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Australians in Italy: Contemporary Lives and Impressions


Bill Kent [editor]; Ros Pesman [editor]; Cynthia Troup [editor]

  1. Download this book
  2. First page
  3. Cover; Copyright and Contributor Information; Table of Contents
  4. Preface
  5. Presentazione
  6. Acknowledgements
  7. Introduction
  9. Ch 1. Australians in Italy: The long view
  10. Ch 2. Twentieth-century diplomatic and trade relations
  11. Ch 3. Some facts and figures
  12. Ch 4. Gaining a foothold: Australian cultural institutions in Italy
  13. Ch 5. Arthur Dale Trendall: A memoir
  15. Ch 6. More than a love affair: Australian writers and Italy
  16. Ch 7. A great tradition revisited
  17. Ch 8. Funghi, family and fables
  18. Ch 9. ‘Everything else in Italy’: A journalist in Rome
  20. Ch 10. Australian artists in Italy: Residencies and residents
  21. Ch 11. Donald Friend: An Australian artist’s affair with Italy
  22. Ch 12. Drawing on Italian art
  23. Ch 13. Rinascimento through a contemporary lens
  25. Ch 14. Australian clergy in Italy after Vatican II
  26. Ch 15. Rome: My two cities
  27. Ch 16. Rediscovering Rome
  28. Ch 17. ‘Unevenly buried’: A personal topography of Rome
  30. Ch 18. Elusive landscapes: Australians and the Italian garden
  31. Ch 19. Educational tourism – cultural landscapes
  32. Ch 20. Carrara: Landscape of stone
  33. Ch 21. Imagining and experiencing Italy in the 1980s and 1990s
  35. Ch 22. Reflections and refractions: An Italian perspective on Australian Studies
  36. Ch 23. Australian cinema in Italy: Sguardi australiani
  37. Ch 24. Remembering Bernard Hickey
  39. Ch 25. Italian Australians in Italy
  40. Ch 26. Washing faces, cleansing hearts: Who am I?
  41. Ch 27. The returned migrants: The Associazione Nazionale Emigrati ed ex Emigrati in Australia
  42. INDEX


This publication does a valuable service in analysing the presence of Australians in Italy over recent history and that presence is significant, although obviously less well known and less studied than that of Italians in Australia.

A visit to the non-catholic cemetery in Rome reveals that a number of people from Australia have been buried there over the years, often after making a significant impact in their chosen field in Italy, such as the arts, literature, diplomacy and business, including a former Australian Ambassador to Italy, Hugh Alexander McClure Smith CVO. The fact that these Australians also came at different times using various means of transport shows that geographic distance need be no obstacle, even less so in the modern transport era.

No-one need be surprised to recognise that it is those people who are prepared to overcome the physical divide who form the bedrock of our excellent bilateral relationship. Some have gone well beyond the call of duty. I wish to recall one prominent Australian in particular, Professor Bernard Hickey, who was instrumental in promoting the study of Australian literature in Italy. The start of my appointment in Italy coincided with his untimely death, but I have had ample opportunity to learn of the tremendous influence he had in introducing Australian literature to generations of Italian students and his role as Australia’s ‘unofficial ambassador’.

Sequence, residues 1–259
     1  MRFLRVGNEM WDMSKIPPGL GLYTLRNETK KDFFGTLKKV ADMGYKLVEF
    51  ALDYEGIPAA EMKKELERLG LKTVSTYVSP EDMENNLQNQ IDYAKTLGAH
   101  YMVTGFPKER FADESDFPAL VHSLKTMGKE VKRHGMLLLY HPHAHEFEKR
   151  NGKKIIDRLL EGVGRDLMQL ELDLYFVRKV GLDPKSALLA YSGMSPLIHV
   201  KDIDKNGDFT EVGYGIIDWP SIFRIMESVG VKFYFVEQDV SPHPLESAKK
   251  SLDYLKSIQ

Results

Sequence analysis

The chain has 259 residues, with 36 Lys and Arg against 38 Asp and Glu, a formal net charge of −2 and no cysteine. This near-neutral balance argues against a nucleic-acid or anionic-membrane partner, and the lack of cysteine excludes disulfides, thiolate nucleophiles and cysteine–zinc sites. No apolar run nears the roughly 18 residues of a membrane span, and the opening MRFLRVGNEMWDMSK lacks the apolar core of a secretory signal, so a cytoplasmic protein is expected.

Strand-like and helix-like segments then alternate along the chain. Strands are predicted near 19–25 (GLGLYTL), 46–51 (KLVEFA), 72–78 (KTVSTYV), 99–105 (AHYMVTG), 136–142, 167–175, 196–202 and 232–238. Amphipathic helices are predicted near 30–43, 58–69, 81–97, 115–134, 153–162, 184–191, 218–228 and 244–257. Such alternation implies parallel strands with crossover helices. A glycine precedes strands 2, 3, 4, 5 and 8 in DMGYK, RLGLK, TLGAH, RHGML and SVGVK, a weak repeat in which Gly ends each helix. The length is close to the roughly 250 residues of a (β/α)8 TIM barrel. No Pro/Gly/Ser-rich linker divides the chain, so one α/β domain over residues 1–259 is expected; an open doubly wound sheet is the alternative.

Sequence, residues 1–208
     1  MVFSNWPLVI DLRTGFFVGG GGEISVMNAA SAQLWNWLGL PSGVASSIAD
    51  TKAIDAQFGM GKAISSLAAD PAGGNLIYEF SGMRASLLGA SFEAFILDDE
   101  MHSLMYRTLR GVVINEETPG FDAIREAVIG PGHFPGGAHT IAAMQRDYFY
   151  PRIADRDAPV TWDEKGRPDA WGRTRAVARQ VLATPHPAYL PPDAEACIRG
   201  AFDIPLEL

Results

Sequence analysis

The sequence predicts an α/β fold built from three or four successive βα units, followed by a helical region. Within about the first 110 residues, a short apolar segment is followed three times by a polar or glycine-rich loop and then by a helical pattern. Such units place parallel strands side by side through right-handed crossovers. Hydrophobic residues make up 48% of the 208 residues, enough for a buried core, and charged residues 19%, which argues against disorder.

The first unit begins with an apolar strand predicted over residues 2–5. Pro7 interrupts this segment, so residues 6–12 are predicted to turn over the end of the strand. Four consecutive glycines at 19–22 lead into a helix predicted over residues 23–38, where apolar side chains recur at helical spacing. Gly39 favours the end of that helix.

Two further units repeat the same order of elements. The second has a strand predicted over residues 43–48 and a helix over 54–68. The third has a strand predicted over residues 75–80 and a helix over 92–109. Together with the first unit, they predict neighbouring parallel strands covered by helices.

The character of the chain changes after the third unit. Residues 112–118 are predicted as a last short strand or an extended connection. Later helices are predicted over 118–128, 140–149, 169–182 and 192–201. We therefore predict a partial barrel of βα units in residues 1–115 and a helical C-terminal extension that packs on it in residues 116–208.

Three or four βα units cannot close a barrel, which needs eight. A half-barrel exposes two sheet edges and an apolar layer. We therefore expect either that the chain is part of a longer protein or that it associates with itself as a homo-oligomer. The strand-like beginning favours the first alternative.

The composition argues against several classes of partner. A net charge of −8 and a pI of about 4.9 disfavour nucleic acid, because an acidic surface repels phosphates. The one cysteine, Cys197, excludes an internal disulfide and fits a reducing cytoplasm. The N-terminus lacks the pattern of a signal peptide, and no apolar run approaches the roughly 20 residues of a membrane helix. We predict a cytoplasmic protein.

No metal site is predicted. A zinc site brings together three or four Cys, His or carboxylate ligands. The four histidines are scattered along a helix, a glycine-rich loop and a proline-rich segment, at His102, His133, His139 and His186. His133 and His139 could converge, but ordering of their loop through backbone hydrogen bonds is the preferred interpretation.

The Italian presence in Australia is well documented and, while the era of mass migration is now behind us, the flow still goes on, now perhaps concentrated more on business, scientific, academic and cultural exchange, not forgetting tourism. In particular, it is a pleasure to see an increasing number of young Italians take the opportunity to spend some time working, studying and travelling in Australia.

The Australian presence in Italy takes two forms. The first is the large number of returning Italo-Australians who choose to enjoy their retirement in Italy, often dividing their time between the two countries and feeling equally at home in either. The second, again in increasing numbers, is that of Australians, perhaps without direct Italian roots, who come here for a variety of reasons such as business, study, sport or simply for tourism. While they often initially come for a short period, this may then become a decision to stay permanently or at least for a significant number of years. Whether a permanent resident in Italy, like one of Australia’s best known artists Jeffrey Smart, or more recent arrivals, including young Australians making an impact in film production, material design and the law, each of them brings a piece of Australia with them.

And what do these Australians have to offer Italy? First, they come from a culture which has been partly shaped by Italian emigration and so have some feel for Italy and its customs. In addition, they come from a country whose lifeblood is immigration and which has developed a truly multicultural society in the space of just a few generations. This is an experience which Italy is now going through, while seeking to retain its own unique identity. We have some positive experience to offer. Finally, we have that most particular of Australian characteristics, what we call the ANZAC spirit, that determination to go on striving for success, despite setbacks and adversity. Thankfully, it is not a quality which we need to display in our everyday lives in Italy, but it has helped Australian business people, sports stars and cultural performers make a mark in their adopted country.

Amanda Vanstone

Ambassador of Australia to Italy

May 2008

Publication information

This chapter is from Australians in Italy: Contemporary Lives and Impressions, edited by Bill Kent, Ros Pesman and Cynthia Troup (Monash University Publishing: Clayton, Melbourne. 2010). For more information about this book, or to purchase print copies, please go to

Australians in Italy: Contemporary Lives and Impressions

   by Bill Kent [editor]; Ros Pesman [editor]; Cynthia Troup [editor]